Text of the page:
Labor was enjoined on all Israelites as a sacred duty in the fourth commandment ( Exodus 20:9;  Deuteronomy 5:13); and the Bible entertains so high a respect for the diligent and skilful laborer, that we are told in  Proverbs 22:29," Seest thou a man skilled in his work, he shall stand before kings" (comp. also ibid, 10:4; 12:24,27). Among the beautiful features which grace an excellent housewife, it is prominently set forth that " she worketh willingly with her own hands" ( Proverbs 31:13). With such an honorable regard for labor, it is not to be wondered at that when Nebuchadnezzar carried the Jews away into captivity, he found among them a thousand craftsmen and smiths ( 2 Kings 24:14-16;  Jeremiah 29:2). The ancient rabbins, too, regarded manual labor as most honorable, and urged it upon every one as a duty, as may be seen from the following sayings in the Talmud: "He who does not teach his son a craft is, as it were, bringing him up to robbery" (Cholin, 105); "Labor is greatly to be prized, for it elevates the laborer, and maintains him" (Chagiga, 5; Nedarim, 49, b; Baba Bathrc, 110, a). (See Handicraft).

The Hebrews, like other primitive nations, appear to have been herdsmen before they were agriculturists ( Genesis 4:2;  Genesis 4:12;  Genesis 4:17;  Genesis 4:22); and the practice of keeping flocks and herds continued in high esteem and constant observance as a regular employment and a social condition ( Judges 1:16;  Judges 4:11;  Amos 7:14; Luke ii, 8). The culture of the soil came in course of time, introducing the discovery and exercise of the practical arts of life, which eventually led to those refinements, both as to processes and to applications, which precede, if they do not create, the fine arts ( Genesis 26:12;  Genesis 33:19). Agriculture, indeed, became the chief employment of the Hebrew race after their settlement in Canaan; it lay at the very basis of the constitution. both civil and religious, which Moses gave them, was held in great honor, and was carried on by the high as well as the humble in position ( Judges 6:11;  1 Samuel 11:5;  1 Kings 19:19). No small care was bestowed on the culture of the vine, which grew luxuriously on the hills of Palestine ( Isaiah 5:2;  Isaiah 5:5;  Matthew 21:33;  Numbers 13:24). The vintage was a season of jubilee ( Judges 9:27;  Jeremiah 25:30;  Isaiah 16:10). The hills of Palestine were also adorned with wellcultured olive-gardens, which produced fruit useful for food, for anointing, and for medicine ( Isaiah 17:6;  Isaiah 24:13;  Deuteronomy 24:20;  Ezekiel 27:17;  1 Kings 4:25;  Hosea 14:6-7). Attention was also given to the culture of the fig-tree ( 2 Kings 21:7;  1 Chronicles 27:28), as well as of the date-palm ( Leviticus 23:40;  Judges 1:16;  Judges 4:5;  Judges 20:33;  Deuteronomy 34:3), and also of balsam ( Genesis 43:11;  Ezekiel 27:17;  Ezekiel 37:25;  Jeremiah 8:22). (See Agriculture).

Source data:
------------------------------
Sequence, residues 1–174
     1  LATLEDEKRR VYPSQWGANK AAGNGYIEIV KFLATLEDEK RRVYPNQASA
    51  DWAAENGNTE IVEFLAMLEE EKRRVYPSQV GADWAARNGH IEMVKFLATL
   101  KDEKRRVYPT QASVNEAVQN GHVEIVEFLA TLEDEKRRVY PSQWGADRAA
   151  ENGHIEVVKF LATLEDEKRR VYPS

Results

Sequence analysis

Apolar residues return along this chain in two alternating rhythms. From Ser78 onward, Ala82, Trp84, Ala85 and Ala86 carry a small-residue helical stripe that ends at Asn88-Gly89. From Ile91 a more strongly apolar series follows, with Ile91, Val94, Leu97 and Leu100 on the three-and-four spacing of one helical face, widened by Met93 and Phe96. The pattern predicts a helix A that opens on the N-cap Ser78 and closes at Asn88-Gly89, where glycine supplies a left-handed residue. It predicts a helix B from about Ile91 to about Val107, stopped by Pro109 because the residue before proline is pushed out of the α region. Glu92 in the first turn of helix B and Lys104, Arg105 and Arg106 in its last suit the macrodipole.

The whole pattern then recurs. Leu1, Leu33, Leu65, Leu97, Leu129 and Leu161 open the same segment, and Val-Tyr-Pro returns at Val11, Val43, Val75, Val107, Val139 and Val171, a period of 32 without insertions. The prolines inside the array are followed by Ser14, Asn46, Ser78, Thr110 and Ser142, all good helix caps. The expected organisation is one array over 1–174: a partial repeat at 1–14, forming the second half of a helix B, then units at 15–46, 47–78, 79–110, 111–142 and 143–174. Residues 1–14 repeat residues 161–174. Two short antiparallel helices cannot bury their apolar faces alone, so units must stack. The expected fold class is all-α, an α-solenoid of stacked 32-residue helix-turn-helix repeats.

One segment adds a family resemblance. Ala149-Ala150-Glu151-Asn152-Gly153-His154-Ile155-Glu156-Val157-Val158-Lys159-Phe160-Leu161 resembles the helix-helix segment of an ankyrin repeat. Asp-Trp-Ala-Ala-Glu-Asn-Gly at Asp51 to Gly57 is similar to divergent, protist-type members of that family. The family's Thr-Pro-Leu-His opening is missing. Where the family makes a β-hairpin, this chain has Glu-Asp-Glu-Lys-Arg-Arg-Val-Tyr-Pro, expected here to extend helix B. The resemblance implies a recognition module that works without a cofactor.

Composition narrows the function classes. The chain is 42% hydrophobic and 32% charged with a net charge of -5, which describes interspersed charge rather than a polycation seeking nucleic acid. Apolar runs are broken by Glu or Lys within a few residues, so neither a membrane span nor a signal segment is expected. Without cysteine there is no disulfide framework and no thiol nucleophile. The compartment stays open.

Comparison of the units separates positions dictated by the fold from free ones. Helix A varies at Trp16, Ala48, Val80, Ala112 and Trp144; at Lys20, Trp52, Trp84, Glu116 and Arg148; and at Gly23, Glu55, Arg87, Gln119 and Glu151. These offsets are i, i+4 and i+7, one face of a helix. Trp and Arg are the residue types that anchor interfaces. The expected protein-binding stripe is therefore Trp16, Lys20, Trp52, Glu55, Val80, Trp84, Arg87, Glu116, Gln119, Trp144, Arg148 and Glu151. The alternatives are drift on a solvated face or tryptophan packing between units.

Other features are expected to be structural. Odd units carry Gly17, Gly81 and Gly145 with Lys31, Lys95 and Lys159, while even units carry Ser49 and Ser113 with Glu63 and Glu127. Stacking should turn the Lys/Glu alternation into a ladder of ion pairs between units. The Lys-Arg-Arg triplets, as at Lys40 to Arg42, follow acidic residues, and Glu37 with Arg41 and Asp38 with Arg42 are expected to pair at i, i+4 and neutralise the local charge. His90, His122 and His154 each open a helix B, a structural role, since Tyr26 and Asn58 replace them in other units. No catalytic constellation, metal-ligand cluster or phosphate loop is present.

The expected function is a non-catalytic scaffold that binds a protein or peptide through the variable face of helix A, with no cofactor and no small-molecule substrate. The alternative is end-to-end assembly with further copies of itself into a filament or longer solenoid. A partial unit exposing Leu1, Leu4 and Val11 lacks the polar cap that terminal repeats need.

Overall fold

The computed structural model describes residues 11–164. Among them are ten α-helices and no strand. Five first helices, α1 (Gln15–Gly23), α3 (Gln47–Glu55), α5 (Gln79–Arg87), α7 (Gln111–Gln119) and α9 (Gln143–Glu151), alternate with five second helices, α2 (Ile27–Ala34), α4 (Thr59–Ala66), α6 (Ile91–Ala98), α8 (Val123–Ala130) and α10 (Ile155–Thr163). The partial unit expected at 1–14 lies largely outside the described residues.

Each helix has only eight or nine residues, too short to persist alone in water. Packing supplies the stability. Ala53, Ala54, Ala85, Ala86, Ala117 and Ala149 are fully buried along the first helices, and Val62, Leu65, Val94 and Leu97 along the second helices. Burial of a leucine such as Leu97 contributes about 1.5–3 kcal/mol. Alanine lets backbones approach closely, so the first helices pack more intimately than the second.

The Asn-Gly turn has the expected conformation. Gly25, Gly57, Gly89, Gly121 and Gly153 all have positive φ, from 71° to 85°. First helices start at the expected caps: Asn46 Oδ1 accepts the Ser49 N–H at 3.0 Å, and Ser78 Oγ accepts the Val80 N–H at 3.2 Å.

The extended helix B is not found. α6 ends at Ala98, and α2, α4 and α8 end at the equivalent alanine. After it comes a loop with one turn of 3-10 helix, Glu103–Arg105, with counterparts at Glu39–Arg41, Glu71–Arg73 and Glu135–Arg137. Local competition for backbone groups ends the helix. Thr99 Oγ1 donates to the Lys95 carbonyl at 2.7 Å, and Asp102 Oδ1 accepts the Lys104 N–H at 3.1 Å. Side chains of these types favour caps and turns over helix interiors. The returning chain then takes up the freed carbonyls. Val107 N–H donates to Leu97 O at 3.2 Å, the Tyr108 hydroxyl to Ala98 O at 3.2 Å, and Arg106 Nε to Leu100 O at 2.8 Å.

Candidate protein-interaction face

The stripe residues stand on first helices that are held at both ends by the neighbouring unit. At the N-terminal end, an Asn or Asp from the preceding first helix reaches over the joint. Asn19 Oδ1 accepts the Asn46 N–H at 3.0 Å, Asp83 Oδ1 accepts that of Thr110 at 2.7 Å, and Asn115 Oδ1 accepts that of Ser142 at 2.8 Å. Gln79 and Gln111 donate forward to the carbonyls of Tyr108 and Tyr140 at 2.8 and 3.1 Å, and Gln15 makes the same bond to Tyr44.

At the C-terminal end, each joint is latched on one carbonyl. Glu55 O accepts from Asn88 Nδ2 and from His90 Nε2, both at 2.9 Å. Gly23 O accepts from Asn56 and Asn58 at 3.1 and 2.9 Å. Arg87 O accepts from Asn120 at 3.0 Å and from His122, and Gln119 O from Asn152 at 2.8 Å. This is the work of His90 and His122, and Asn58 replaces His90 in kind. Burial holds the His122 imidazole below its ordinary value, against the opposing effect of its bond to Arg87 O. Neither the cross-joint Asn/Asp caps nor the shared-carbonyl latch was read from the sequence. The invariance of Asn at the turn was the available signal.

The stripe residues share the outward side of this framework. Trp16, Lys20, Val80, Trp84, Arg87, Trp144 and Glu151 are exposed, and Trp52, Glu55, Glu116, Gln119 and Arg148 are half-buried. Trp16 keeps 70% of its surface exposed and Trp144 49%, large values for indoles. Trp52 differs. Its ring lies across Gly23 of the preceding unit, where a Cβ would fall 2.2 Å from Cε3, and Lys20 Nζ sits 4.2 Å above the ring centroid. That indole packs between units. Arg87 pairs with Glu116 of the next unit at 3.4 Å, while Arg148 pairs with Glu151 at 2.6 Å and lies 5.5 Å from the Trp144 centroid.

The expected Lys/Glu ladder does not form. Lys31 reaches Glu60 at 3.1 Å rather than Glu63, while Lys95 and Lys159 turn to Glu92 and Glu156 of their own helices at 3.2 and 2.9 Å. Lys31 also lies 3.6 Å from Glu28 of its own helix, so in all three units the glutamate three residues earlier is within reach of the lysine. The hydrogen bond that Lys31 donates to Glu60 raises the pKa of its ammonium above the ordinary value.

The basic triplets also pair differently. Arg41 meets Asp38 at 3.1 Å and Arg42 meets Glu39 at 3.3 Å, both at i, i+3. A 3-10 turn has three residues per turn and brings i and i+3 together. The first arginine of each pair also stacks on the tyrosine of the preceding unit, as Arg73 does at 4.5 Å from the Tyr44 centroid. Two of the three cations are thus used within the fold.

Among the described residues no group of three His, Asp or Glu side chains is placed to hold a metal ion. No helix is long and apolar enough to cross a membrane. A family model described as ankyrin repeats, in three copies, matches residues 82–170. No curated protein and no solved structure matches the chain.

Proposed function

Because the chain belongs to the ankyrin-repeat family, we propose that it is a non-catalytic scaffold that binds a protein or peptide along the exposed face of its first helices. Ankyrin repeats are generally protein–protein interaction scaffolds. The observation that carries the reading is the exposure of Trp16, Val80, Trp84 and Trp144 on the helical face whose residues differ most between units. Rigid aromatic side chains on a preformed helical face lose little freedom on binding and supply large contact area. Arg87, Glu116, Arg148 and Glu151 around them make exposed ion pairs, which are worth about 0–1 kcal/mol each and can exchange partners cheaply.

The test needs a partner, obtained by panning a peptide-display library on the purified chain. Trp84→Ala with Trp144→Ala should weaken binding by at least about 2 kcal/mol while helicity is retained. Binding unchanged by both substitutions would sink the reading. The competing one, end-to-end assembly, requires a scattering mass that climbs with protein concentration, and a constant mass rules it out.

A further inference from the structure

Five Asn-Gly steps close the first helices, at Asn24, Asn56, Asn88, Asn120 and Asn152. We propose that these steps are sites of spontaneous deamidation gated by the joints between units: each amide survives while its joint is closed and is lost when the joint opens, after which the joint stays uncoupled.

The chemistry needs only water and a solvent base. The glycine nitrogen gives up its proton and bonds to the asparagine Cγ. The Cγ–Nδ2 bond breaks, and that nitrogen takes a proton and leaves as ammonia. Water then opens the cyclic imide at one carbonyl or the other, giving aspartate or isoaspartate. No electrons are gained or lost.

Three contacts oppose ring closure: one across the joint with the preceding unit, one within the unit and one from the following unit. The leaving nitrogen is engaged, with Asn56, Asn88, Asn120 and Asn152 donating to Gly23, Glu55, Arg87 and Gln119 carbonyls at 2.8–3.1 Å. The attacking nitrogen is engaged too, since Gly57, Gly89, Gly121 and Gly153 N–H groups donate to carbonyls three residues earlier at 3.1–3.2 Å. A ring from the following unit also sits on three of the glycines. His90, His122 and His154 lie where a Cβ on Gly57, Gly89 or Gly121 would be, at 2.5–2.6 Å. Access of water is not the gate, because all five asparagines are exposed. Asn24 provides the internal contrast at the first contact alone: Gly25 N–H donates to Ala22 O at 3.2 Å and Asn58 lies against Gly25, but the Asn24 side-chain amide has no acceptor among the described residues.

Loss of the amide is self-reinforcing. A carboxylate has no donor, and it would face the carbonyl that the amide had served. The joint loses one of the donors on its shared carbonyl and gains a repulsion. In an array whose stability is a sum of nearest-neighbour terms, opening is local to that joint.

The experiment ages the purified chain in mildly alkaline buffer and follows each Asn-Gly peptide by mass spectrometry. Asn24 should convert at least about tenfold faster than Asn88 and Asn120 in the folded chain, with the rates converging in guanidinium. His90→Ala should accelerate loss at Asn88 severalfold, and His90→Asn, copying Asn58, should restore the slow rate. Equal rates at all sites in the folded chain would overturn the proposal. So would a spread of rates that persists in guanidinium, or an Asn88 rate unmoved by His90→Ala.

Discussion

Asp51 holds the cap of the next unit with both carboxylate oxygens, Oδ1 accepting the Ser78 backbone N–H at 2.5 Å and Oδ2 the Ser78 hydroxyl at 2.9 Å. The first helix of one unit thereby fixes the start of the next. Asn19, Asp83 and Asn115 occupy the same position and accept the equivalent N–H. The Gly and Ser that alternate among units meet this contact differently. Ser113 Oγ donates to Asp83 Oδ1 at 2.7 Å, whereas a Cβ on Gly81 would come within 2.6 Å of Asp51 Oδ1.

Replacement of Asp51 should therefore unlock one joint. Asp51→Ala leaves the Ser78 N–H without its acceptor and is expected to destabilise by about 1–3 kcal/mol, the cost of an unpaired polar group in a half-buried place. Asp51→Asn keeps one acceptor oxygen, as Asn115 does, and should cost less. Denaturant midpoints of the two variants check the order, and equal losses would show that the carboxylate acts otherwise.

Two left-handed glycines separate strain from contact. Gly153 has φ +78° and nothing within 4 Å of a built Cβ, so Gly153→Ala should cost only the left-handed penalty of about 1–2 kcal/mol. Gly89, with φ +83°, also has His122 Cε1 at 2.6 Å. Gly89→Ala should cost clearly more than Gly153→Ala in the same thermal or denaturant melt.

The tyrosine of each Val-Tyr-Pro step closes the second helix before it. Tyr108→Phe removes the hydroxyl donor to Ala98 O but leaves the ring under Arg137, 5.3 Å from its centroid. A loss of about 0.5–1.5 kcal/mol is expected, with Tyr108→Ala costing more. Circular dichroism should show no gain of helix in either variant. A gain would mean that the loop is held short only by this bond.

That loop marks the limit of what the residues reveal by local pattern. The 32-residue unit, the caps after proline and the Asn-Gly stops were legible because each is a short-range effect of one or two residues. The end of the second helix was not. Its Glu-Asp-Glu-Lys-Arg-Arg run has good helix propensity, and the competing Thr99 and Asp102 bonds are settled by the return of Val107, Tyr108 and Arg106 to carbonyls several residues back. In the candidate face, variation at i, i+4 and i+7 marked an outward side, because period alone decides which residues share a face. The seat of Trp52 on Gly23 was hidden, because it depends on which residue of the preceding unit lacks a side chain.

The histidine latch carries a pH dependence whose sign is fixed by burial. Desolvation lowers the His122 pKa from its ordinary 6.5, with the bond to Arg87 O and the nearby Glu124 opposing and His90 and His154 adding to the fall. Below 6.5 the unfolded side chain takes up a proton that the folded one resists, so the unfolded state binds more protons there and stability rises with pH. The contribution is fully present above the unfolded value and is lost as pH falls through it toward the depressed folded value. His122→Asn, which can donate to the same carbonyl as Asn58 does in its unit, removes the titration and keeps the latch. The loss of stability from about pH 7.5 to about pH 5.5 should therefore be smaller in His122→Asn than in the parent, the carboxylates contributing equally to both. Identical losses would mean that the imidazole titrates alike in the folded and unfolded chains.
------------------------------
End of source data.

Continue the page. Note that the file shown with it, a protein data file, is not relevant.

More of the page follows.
International Standard Bible Encyclopedia [6]

la´bẽr ( יגיע , yeghı̄a‛ , עמל , ‛amāl  ; κόπος , kópos ): The word (noun and verb) denoting hard work or "toil" (thus in the Revised Version (British and American) of   Deuteronomy 26:7;  Joshua 7:3;  Revelation 2:2 ) represents several Hebrew and Greek words, chiefly those above. Occasionally, as in  Habakkuk 3:17 ( ma‛ăsēh ), it stands for "fruit of labor." Sometimes, in conjunction with "travail," it refers to childbirth ( Genesis 35:16 ,  Genesis 35:17 , yāladh  ; compare  1 Thessalonians 2:9;  2 Thessalonians 3:8 ). Examples of the word in the ordinary sense are: of yeghı̄a‛ ,  Genesis 31:42;  Job 39:11 ,  Job 39:16;  Psalm 128:2; of ‛amāl , common in  Ecclesiastes 1:3 ,  Ecclesiastes 1:8;  Ecclesiastes 2:10 ,  Ecclesiastes 2:11 ,  Ecclesiastes 2:18 , etc.; of kopos ,  1 Corinthians 15:58 ("your labor is not vain," etc.);   1 Thessalonians 1:3 ("work of faith and labor of love"; compare   Hebrews 6:10 );  1 Timothy 5:17 ("labor in the word and in teaching"). See Work; Slavery .